26a         Carbon measurement should offer certainty (5)
CINCH — The chemical symbol for C(arbon) and then a short measure of length (measurement) in pre-decimal times.

27a         Old judge catching one with trap to begin (9)
ORIGINATE — The one letter abbreviation for O(ld) is followed by a verb to judge or evaluate which contains (catching) the letter that looks like the Roman number one and a kind of trap or snare.

28a         Drunken bore’s posture becomes unruly (12)
OBSTREPEROUS — An anagram (drunken) of BORE’S POSTURE.



1d            Bank below motorway’s more obscure (7)
MISTIER — A motorway that goes from London to the north, with its ‘S, is followed by (below in a down clue) a bank or row.

2d            Fast-rising odds gathering support (5)
STEEP — The ‘odds’ here are racing odds (a two letter abbreviation) and contain (gathering) a support, the golfing kind.

3d            From oaf, term at Harvard produces results (9)
AFTERMATH — Our second lurker – hiding in the second to fifth words in the clue. I didn’t see this for ages.

4d            Munch cold cut (4)
CHEW — The one letter for C(old) and then a verb to cut or chop down.

5d            Coastal area lacking imagination, we hear (8)
LITTORAL — A homophone – this adjective sounds like another that means lacking imagination or colourless.

6d            Symbol of support on head of Mohican (5)
TOTEM — Support is followed by the first letter (head of) M(ohican). I can’t find anything that makes the first four letters of the answer = support. We had it quite recently meaning ‘raise’, I think. Has anyone got any ideas.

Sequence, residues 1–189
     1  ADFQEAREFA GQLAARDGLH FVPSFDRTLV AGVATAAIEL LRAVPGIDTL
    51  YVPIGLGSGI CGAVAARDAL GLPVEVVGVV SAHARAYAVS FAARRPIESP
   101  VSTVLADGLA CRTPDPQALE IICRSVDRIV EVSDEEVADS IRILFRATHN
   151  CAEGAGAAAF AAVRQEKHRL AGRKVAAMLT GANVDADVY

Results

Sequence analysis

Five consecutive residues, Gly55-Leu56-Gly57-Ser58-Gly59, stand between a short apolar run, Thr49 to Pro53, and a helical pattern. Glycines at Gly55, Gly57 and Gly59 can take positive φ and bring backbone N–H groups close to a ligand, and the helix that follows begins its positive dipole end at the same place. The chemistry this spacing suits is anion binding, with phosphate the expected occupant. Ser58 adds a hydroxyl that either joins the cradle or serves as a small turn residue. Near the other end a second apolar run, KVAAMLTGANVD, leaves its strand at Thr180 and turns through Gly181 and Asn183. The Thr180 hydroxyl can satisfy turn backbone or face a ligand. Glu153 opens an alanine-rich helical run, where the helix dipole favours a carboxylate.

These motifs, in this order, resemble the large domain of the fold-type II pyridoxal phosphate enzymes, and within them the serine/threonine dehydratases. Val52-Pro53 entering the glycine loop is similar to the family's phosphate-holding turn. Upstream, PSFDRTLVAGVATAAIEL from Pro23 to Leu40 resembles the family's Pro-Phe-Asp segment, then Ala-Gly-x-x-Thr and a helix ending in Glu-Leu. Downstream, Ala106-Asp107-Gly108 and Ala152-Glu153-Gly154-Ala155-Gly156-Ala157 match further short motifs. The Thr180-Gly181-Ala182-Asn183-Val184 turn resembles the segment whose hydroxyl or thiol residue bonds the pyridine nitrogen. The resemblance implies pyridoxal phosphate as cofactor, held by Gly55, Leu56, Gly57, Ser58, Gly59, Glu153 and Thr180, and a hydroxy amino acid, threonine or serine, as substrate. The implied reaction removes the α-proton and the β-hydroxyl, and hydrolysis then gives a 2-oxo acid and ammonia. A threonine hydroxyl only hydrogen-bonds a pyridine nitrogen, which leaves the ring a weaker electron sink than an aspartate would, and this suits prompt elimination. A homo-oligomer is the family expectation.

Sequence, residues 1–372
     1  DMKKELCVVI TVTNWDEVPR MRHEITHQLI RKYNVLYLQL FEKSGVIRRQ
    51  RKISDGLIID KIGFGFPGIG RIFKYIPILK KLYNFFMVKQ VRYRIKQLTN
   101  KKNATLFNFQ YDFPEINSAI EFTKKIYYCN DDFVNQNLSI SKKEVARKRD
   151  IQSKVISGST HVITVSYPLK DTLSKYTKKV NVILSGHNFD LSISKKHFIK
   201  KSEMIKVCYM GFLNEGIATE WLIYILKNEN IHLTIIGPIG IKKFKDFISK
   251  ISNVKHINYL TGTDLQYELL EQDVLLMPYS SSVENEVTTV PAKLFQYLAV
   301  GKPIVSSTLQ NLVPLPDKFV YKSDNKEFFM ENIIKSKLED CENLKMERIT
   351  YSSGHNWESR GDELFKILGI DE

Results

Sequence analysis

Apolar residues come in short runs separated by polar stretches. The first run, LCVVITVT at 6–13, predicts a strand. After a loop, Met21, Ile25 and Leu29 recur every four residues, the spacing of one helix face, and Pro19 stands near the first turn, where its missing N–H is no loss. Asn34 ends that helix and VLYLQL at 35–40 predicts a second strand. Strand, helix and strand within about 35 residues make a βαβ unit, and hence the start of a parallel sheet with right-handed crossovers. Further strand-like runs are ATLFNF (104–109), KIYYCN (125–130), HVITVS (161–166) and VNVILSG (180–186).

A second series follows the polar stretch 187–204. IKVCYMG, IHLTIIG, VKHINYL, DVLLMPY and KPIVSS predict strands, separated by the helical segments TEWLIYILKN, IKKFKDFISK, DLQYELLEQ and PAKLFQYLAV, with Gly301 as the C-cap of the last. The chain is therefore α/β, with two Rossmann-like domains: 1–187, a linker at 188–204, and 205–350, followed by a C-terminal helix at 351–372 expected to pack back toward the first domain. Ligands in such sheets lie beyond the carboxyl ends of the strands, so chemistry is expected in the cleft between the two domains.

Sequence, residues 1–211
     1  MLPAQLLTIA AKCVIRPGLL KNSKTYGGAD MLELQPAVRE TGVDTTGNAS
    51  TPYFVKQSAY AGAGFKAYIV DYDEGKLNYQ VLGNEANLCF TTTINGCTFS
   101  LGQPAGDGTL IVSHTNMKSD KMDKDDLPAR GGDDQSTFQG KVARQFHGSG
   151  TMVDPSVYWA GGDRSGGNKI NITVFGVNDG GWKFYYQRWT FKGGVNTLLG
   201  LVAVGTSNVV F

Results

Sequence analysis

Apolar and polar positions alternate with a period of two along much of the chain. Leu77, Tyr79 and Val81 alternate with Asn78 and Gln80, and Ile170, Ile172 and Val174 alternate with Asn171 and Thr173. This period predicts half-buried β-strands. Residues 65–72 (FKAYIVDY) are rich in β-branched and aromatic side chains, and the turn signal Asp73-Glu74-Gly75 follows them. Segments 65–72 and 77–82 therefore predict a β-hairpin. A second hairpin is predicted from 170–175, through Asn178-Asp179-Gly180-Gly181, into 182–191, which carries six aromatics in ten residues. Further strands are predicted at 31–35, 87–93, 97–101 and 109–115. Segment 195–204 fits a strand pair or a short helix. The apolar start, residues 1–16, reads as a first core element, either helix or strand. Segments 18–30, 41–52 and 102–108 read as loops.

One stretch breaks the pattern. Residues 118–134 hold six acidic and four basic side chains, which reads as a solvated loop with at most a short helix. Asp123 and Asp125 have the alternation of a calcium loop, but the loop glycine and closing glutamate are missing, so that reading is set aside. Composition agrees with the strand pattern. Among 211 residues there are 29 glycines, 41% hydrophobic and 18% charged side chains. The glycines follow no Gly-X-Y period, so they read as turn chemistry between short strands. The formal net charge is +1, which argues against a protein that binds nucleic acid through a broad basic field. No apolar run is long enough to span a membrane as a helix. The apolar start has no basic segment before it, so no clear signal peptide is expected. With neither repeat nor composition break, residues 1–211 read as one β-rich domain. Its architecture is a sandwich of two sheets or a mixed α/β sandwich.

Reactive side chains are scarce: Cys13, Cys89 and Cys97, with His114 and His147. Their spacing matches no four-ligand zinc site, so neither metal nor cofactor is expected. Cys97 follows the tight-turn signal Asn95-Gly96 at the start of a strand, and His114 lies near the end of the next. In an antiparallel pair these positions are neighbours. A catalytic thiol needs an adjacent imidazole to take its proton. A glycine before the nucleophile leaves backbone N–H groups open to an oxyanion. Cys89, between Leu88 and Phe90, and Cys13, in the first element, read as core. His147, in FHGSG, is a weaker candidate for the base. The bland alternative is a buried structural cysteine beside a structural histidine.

7d            Running topless and making an impression (8)
PRINTING — A word that means running flat out or as fast as possible without its initial ‘S’ (topless).

8d            Crush bottom in endeavour to wear skimpy costume (6)
THRONG — The last letter (bottom in) of (endeavour)R is inside (to wear) a skimpy costume – a very skimpy pair of knicks.

14d         Untouched can must be gripped by force (8)
PRISTINE — Another word for a can is contained in (must be gripped by) a verb to force or lever.

16d         Beautify a girl with some sprucing up (9)
GLAMORISE — An anagram (sprucing up) of A GIRL with SOME.

17d         Wood covering empty mango’s top … (8)
FOREMOST — A large area of land covered in trees (wood) goes round (covering) the first and last letters (empty) of M(ang)O.

18d         … bough with top of bough spread (6)
BRANCH — The first letter (top of) B(ough) is followed by a spread (a mainly American word) or estate.

20d         Arbitrator’s swallowing deceit from substitutes (7)
RELIEFS — This arbitrator, with his ‘S, is the chap with the whistle in football etc and he contains (swallowing) a deceit or untruth.

22d         Recovery establishment helping addicts’ behaviour initially (5)
REHAB — A Ray T special – the first letters (initially) of the remaining words of the clue. I never know what to underline as the definition in these kinds of clues.

24d         Muse seeing her reaction, oddly removed (5)
ERATO — The even letters (oddly removed) of the third and fourth words of the clue.

25d         Obscure English coin (4)